University continuing education refers to various activities through which universities provide educational programs and services to those not enrolled in traditional on-campus study. Virtually every major university in North America has a continuing education unit, responsible for organizing initiatives such as non-credit courses, certificate programs, distance education programs, customized training, outreach activities, and degree-credit classes in the evenings, off-campus, or during spring and summer terms. University continuing education in North America is a major activity, with hundreds of thousands of students engaged in continuing studies each year.

In Canada, the Canadian Association for University Continuing Education represents nearly fifty universities having significant continuing education activities. CAUCE members typically endeavour to meet the needs or goals of learners seeking professional development, personal enrichment, or the furthering of knowledge and skills. They deliver programs and services that promote lifelong learning by adults, whether as individuals or as members of communities and organizations. These programs and services enable access to quality education in flexible and innovative ways. The work of continuing education links universities with communities, and with external agencies such as businesses, governments, and professional associations.

The following paragraphs identify some of the benefits of university continuing education in Canada.

Strengthening individuals and communities

Universities provide high-quality lifelong learning opportunities that help people develop the full range of their human potential: their knowledge, their skills, their self-awareness, and their understanding of others. When people take adult and continuing education courses, they become better able to contribute to the families, organizations, and communities in which they live and work. In this way, university continuing education strengthens the economic, cultural, and social fabric of the community.

Strengthening universities

Continuing education programs contribute to the core scholarly mission of universities. Universities are dedicated to discovering, integrating, teaching, and applying knowledge. While continuing education units in Canada are typically not involved in the scholarship of discovery and research, such units are very active in the integration of knowledge by instructors, the teaching of knowledge to students, and the application of knowledge by students in their personal and professional lives. In addition to this core scholarly contribution, continuing education strengthens universities by fostering positive public relations, leveraging financial resources from non-traditional sources, and delivering high-profile services to the community.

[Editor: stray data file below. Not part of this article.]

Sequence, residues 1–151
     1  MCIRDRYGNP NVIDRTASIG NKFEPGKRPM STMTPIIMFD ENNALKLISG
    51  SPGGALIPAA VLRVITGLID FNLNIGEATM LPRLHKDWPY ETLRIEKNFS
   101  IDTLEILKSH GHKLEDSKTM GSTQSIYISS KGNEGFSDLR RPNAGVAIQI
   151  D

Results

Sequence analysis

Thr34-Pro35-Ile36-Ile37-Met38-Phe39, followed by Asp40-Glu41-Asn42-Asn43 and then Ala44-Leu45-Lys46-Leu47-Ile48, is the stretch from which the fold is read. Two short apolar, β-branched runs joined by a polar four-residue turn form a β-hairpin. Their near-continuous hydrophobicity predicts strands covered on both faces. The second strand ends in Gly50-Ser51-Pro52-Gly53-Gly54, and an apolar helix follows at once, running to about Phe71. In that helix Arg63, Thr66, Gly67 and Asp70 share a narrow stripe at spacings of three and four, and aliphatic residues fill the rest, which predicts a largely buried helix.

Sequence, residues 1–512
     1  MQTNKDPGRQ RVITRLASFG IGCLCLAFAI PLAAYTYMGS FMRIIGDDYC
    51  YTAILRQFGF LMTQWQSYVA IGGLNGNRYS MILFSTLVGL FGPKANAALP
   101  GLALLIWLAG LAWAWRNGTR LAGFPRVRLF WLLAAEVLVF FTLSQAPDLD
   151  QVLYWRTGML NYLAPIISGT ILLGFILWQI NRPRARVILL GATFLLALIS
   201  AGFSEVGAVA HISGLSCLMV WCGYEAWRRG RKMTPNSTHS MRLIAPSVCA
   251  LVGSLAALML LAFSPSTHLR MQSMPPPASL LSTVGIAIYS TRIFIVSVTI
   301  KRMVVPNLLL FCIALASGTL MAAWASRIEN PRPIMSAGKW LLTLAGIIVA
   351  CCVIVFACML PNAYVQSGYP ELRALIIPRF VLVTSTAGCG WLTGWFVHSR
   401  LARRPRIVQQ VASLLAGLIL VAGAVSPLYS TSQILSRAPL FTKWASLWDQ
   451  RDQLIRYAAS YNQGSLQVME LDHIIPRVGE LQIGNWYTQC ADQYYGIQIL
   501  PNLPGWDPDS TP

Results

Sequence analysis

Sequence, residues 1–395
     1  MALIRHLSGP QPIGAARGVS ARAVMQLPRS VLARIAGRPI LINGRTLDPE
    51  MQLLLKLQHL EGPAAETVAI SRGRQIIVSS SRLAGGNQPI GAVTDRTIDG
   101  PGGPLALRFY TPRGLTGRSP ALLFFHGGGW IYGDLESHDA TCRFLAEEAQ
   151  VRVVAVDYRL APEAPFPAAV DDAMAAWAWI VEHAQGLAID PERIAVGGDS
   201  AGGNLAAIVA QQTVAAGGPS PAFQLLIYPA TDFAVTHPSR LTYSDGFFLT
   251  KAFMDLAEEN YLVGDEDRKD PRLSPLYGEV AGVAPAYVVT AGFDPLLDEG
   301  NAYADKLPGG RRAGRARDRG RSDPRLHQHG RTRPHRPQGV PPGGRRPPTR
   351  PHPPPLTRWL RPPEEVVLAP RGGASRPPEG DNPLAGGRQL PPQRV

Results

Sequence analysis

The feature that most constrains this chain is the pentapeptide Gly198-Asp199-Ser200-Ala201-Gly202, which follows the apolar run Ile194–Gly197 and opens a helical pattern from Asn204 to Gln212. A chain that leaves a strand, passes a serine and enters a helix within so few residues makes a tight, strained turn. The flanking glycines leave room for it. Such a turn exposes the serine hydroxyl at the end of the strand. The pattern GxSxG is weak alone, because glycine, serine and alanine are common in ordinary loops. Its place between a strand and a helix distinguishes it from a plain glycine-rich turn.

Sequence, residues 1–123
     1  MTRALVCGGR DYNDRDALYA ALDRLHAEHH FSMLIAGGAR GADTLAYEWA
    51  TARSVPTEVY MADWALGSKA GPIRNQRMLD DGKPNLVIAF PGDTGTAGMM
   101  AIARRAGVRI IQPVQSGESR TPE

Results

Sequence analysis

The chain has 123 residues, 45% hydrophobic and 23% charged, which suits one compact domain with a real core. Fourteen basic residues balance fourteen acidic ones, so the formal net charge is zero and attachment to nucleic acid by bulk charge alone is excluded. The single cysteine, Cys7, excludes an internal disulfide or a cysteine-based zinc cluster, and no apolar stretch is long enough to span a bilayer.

Broadening access to education and learning

In Canada, universities do not have the capacity to serve all of the capable people who would like to further their education. The continuing education efforts of Canadian universities are an important means of extending access to education and to post-secondary credentials, to people who would otherwise not have such access. Distance education, open admissions policies, and programs designed for part-time learners are common means through which such access is promoted.

Building profitable businesses and good jobs

For many years now, international organizations, governments, and educational institutions have been saying that lifelong learning is the key to success for countries, businesses, and individuals. Tony Blair, former Prime Minister of the United Kingdom, is well-known for saying: "Education is the best economic policy we have." University continuing education helps individuals perform better in their jobs, helps businesses achieve better results, and ultimately helps countries become better places to live and work.

Engaging our citizens and institutions with issues that matter

University continuing education provides adult learners with the opportunity to explore and discuss key issues facing our communities and our world today. For example, at the University of Calgary, we offer continuing education courses focused on the environment, health and safety, religious and cultural studies, and conflict resolution. Further, through offering courses in over a dozen languages, we enable adult learners to broaden their ability to travel and to better understand events taking place around the world.

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